The Suffers - The Suffers (2016)

The Suffers
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Selecting the best songs from their preceding EP series and adding songs strong enough to stand shoulder to shoulder with such instant musical triumphs as “Gwan” and “Giver,” The Suffers have outdone themselves with a debut album of live, organic big band soul. With a racially and ethnically diverse 10-piece band fronted by flat-footed, alto belter Kam Franklin delivering some of the best Gulf Coast Soul in recent years, the band feels like something that has stepped out of a time warp but is also singular and fresh in its hybrid sounds of roots, soul, and rock music. Already boasting a winning combination of a talented, charismatic singer and a full-bodied band that knows how to ramp up the energy or slow drag a couple to the bedroom with ease, The Suffers jumps to the front of the line as a must-have purchase.

Selecting the best songs from their preceding EP series and adding songs strong enough to stand shoulder to shoulder with such instant musical triumphs as “Gwan” and “Giver,” The Suffers have outdone themselves with a debut album of live, organic big band soul. With a racially and ethnically diverse 10-piece band fronted by flat-footed, alto belter Kam Franklin delivering some of the best Gulf Coast Soul in recent years, the band feels like something that has stepped out of a time warp but is also singular and fresh in its hybrid sounds of roots, soul, and rock music. Already boasting a winning combination of a talented, charismatic singer and a full-bodied band that knows how to ramp up the energy or slow drag a couple to the bedroom with ease, The Suffers jumps to the front of the line as a must-have purchase.

The band started by bassist Adam Castaneda and keyboardist Patrick Kelly set a high bar with their initial EPs, leading with “Gwan” from their 2014 Make Some Room EP. It’s tough to beat the highball energy of “Gwan” but the aching “Midtown” does so splendidly on one of the album’s jazzier and moodier cuts. Carrying you to a vacation paradise, the star bright “Good Day” transforms The Suffers into the kind of Caribbean reggae band that got every gray flannel suit in a Hawaiian shirt on their feet to embarrass themselves, but also create timeless memories. Lately, “Peanuts” has been getting the star treatment by being the band’s preferred nationally televised talk show performance piece, and it’s one of their safer and hookier tunes, though not necessarily one of their most creative. Along with the polished if slightly less memorable “Dutch” and the minimalist, but powerful “Better,” these songs serve as the nucleus of new songs for longtime fans who have already collected the award-winning Make Some Room and Slow it Down b/w Step Aside.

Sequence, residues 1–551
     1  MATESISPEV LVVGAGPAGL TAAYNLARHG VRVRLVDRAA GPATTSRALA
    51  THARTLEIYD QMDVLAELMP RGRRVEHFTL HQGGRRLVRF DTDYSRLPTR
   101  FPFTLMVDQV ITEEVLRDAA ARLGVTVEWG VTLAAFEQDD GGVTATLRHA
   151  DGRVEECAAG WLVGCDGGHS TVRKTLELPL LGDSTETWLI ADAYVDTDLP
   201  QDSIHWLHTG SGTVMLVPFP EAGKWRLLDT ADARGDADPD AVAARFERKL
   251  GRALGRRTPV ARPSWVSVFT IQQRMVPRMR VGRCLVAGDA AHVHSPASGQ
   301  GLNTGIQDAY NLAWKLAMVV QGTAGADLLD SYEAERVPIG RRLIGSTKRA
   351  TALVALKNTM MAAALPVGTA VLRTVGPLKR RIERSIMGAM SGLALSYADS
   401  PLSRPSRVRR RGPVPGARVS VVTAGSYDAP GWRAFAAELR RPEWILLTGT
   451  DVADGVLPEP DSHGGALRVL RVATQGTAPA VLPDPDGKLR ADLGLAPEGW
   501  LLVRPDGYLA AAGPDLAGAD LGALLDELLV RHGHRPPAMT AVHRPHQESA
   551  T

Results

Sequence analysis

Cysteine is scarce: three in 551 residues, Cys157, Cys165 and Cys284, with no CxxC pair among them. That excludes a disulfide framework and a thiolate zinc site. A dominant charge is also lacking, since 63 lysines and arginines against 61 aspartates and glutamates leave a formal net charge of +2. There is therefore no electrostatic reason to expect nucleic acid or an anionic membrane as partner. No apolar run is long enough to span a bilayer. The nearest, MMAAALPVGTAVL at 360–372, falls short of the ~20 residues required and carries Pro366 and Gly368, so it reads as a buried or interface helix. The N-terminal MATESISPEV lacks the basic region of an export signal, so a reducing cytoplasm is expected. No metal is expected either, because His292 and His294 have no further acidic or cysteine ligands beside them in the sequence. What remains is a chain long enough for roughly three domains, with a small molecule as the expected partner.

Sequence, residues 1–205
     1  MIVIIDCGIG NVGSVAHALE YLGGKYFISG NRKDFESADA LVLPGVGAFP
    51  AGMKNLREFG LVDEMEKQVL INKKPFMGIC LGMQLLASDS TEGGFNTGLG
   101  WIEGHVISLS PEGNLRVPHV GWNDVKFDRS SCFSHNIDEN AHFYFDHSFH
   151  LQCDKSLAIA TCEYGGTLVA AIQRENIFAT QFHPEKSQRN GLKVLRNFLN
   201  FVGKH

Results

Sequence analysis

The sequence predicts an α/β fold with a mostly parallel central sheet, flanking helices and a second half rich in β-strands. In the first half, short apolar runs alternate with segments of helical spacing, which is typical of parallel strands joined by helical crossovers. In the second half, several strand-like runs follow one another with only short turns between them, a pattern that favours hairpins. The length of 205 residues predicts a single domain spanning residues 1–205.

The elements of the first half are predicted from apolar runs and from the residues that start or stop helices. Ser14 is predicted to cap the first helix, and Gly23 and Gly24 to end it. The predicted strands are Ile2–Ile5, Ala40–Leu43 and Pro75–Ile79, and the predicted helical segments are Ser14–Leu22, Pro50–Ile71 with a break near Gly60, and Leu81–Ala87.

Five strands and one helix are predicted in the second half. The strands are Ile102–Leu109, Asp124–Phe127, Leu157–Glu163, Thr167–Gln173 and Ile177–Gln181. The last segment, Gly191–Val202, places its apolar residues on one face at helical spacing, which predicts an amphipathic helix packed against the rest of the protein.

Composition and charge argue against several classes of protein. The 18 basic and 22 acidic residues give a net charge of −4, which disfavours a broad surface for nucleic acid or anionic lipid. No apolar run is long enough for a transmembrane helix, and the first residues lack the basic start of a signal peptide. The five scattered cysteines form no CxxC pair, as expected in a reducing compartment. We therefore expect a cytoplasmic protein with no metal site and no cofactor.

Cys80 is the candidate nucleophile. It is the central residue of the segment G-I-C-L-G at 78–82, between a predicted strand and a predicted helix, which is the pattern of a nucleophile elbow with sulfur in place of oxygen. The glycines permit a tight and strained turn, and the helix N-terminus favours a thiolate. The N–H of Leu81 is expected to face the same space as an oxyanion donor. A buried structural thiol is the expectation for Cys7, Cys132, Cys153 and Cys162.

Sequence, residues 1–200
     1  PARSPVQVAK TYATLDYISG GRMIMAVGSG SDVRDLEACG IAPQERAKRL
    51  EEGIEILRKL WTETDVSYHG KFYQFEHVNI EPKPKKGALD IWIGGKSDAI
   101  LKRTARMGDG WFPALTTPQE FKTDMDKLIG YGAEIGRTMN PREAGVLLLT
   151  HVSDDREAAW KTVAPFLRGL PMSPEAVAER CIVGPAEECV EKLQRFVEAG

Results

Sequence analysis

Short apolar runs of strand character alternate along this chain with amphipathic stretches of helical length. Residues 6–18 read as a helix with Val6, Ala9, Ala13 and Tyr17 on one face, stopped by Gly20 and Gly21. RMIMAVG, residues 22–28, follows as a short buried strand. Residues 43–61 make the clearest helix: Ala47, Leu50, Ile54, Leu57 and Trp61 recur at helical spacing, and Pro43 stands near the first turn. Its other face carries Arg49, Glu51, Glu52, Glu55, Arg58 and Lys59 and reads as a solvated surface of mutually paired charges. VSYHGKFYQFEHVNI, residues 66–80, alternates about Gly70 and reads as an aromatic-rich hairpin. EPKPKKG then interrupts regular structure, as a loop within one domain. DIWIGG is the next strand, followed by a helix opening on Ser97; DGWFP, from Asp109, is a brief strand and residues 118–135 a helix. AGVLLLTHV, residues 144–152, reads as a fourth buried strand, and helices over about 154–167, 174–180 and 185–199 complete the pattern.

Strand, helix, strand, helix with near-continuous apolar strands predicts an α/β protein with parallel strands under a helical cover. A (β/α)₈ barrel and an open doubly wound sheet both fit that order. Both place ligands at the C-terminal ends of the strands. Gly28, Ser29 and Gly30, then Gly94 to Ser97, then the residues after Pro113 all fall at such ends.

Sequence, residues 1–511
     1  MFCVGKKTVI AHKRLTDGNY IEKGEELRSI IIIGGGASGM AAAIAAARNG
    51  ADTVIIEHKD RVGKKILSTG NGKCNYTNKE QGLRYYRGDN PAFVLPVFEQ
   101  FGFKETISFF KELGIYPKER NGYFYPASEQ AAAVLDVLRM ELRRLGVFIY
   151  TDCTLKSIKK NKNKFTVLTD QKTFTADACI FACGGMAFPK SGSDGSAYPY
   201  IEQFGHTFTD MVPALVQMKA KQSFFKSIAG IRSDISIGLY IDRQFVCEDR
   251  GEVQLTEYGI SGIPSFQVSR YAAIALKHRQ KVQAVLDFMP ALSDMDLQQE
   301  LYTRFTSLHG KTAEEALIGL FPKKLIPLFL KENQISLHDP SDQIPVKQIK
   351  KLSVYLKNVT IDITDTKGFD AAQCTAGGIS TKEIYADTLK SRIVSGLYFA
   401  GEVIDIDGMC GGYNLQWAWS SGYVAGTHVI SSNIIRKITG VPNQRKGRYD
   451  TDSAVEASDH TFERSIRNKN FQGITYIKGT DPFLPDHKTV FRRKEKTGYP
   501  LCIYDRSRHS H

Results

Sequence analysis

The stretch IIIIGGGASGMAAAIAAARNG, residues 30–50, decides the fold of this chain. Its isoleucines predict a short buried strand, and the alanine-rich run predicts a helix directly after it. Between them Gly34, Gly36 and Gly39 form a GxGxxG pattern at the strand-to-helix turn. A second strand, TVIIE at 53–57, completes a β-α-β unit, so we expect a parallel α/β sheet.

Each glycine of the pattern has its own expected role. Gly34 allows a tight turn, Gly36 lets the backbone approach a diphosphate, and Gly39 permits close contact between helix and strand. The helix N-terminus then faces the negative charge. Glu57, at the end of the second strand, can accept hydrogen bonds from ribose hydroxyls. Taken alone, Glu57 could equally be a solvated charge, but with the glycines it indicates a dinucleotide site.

Out of the 10-song set, the distinction of most creative or at least most effective belongs to the four songs that first made serious impact by the Houston-based band whose unique blend of classic soul, rock, reggae, and Bayou party sounds serve as the root of nearly every track. It’s this southern fried tribal mix that propels the driving “Gwan” forward as a runaway train of percussive momentum, with its big horns, congos, and polyrhythmic drumming—a potpourri of Gulf Coast Music heritage exploding through the speakers. Led by a powerful horn section and a familiar hook, the reggae tinged “Stay” has always felt like one of the band’s signature cuts and one most radio-friendly of the set, lending itself to both AAA and UAC. Meanwhile, the cajoling invitation to “Make Some Room” has the ‘60s innocence of a Burt Bacharach or 5th Dimension song, with its rose-colored love and retro woman talk of domesticity, but the band’s intricacies behind Kam Franklin’s easy simplicity illustrate the impressive skills of Castaneda and Kelly along with guitarists Alex Zamora and Kevin Bernier, drummer Nick Zamora, and the brass of Cory Wilson, Jon Durbin, Michael Razo, and Jose Luna. For those in desperate need of a traditional, hip to hip slow jam to hold your sweetheart close to, the 7:11 tour de force of the album is “Giver.” On a lyric that’s Grade A torch song, a belting Franklin delivers her most generous, gut-bucket performance on a set that has no flaws in its vocals.

This winning, feel-good collection has everything going for it and is deserving of the kinds of accolades bestowed upon such peers as Alabama Shakes and Sharon Jones and the Dap Kings. That’s some mighty fine company for a band still making introductions around the room, but oh what a first impression! Highly Recommended.

By L. Michael Gipson

 
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